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Upgrading My Boat


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Hi All,


I am planning to upgrade my boat from a 10' flatbottom, 80lb Aluminum cartopper to a 12' Aluminum 150-200lb Lund/Sterling/Naden/Sears etc. My only mode of transport is a 2007 Honda Minivan. I am thinking about carrying this new heavier boat on top of the van. I have a Thule Rack system that is plenty robust enough, it's the stock side rails I'm concerned with...


Anybody out there carry a 12' Aluminum rowboat on a minivan? Is this idea safe? Anybody with similar experiences?



HELP ME PLEASE...I really don't want another trailer to maintain, insure, pull, etc.



I appreciate any advice, except the obvious, which is "buy a truck" ;)


thanks in advance,


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There are 4 supports, so if you include rack weight, mud and bugs that's about 55 pounds per support or about 110 pounds per side.

I have no idea if the side rails on your Hondya could support the 110 pounds, but you could probably find out from Honda.

I know that Subaru provided a weight limit for the roof rails on my Outback and they would take your boat just fine.


More importantly, with the bigger boat, you will need to ensure your tie downs can take the additional boat bounce and wind loads

Last thing you want is a flying boat in the middle of the highway.


Another consideration is how to get that 200 pounds up onto the roof.

I have a 17 1/2 foot canoe that weighs in @ about 70 pounds.

I can lift that up myself (with out relying on lifting one end onto the rack and pushing) but just barely.

For more weight you either have to get a rack with a roller bar on the back cross tube that you lift the bow onto then push the sucker forward.

Or, there's a couple of bumper mounted rigs that let you lift the @$$ end up then roatate the front onto the rack.

Either way you need to lift abotu 100 pounds over your head and onto the rack.

You might be young and strong now, but that won't last forever.


If you had to go with a trailer, then you might consider one of those cheap landscape flatbeads. 200 pounds is nothing to them.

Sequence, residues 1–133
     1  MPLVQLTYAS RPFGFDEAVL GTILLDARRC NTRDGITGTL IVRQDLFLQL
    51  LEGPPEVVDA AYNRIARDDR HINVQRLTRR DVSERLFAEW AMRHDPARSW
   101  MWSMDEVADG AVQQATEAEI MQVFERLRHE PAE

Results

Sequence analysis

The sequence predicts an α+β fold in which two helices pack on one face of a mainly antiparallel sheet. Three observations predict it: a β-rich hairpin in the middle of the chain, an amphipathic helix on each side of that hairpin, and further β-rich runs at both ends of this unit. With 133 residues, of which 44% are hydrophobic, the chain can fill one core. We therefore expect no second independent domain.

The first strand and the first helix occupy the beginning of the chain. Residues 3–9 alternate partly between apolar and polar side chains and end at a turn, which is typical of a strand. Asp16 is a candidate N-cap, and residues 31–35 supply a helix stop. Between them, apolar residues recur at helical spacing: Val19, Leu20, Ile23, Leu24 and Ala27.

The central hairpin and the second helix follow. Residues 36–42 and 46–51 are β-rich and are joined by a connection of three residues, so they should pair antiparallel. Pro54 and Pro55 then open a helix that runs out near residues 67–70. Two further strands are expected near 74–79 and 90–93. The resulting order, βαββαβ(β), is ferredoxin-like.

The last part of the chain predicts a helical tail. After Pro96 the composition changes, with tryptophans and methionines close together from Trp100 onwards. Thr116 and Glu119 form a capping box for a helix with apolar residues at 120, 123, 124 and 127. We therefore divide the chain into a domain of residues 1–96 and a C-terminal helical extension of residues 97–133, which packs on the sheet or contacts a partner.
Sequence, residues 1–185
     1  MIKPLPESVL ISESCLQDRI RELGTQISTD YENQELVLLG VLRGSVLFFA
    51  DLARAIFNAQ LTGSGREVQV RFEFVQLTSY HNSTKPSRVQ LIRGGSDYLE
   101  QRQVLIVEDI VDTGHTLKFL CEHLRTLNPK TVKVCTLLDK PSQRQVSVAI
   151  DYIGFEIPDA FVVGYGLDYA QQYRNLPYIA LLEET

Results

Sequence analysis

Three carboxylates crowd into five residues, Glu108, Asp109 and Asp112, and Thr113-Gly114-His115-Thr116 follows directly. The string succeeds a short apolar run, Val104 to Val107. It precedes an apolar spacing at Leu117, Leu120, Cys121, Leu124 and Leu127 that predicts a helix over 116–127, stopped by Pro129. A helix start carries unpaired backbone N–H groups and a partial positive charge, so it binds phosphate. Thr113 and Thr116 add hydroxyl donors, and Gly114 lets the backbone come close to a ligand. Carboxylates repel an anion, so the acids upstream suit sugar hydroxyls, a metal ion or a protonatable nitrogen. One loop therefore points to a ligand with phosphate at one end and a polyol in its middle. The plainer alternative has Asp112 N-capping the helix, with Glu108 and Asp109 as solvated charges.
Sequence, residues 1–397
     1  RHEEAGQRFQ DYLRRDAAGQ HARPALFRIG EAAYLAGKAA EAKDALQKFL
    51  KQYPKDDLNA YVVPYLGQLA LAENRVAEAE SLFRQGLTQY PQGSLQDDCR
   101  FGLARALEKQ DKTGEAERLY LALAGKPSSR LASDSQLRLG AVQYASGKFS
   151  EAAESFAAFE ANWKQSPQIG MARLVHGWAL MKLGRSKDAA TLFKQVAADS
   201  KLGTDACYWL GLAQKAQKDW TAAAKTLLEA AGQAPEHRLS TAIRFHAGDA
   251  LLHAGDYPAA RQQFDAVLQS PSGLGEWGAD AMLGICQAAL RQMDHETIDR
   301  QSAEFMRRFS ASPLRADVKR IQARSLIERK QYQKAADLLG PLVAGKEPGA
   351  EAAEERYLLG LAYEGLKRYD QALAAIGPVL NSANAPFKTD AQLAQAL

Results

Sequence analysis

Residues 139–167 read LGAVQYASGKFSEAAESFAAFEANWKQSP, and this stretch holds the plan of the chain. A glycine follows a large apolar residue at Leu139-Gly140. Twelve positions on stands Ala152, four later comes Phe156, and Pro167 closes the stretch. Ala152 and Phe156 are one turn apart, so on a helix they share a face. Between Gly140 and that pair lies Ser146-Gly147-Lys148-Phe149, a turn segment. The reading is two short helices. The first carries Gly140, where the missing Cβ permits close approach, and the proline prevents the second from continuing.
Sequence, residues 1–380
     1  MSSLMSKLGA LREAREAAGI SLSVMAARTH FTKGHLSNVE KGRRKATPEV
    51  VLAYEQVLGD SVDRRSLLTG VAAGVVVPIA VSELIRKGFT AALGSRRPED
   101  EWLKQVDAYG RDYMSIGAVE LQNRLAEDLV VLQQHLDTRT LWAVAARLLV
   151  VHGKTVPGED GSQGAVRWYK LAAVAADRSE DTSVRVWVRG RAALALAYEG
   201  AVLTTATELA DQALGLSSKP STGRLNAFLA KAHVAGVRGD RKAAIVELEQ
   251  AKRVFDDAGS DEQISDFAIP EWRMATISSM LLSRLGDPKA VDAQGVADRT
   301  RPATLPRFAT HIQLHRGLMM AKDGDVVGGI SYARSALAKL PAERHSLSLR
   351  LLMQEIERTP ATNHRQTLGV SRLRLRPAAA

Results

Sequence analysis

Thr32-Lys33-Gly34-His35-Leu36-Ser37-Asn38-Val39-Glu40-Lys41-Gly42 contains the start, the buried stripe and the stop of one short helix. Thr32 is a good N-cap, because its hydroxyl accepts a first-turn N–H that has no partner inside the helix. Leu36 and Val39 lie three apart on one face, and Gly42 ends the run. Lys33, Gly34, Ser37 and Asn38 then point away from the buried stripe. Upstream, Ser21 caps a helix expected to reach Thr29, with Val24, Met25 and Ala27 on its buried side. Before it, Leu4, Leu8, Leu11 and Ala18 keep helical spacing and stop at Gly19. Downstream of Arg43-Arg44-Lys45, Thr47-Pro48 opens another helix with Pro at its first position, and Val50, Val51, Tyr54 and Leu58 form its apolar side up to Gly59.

I'm actually thinking of gettng one for my Zodiak if I can find one that is max 6 ft wide. My storage spot can't handle wider

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Some additional comments:


1. Way back when, I used to haul my 12 footer on the roof of a Suburban. That's quit a lift, let me tell you. My solution was to build some side rails on the rack, that were oriented in the long direction of the vehicle. With the boat resting on the ground (stern end) at the side of the vehicle, and the bow leaning on the side rail. I could single handedly lift the stern, push the boat up onto the side rail, and then swing the stern around so that the boat was properly oriented on the rack.


2. If you're calculating the load carried by each support, you should factor in some additional load while you're driving. There will be both vertical (downward) and horizontal (backward) force components due to air flow over the boat.


3. If you can swing it, get a trailer. You'll never regret the added convenience.



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Hi Dave and Terry,


I really appreciate your advice, Thank you!


I'm literally stressed out with this decision. There are many pros and cons for both sides (roof or trailer). The biggest con for the roof is I'm scared to death I'm over loading my roof racks...Odyessy's are rated for 150lb weight load...not sure if that is for stock cross bars or in general. My fear is watching the boat tear off at highway speeds, take half my van roof and careen through somebody's windshield...I'm not sure if this is a far fetched fear or not.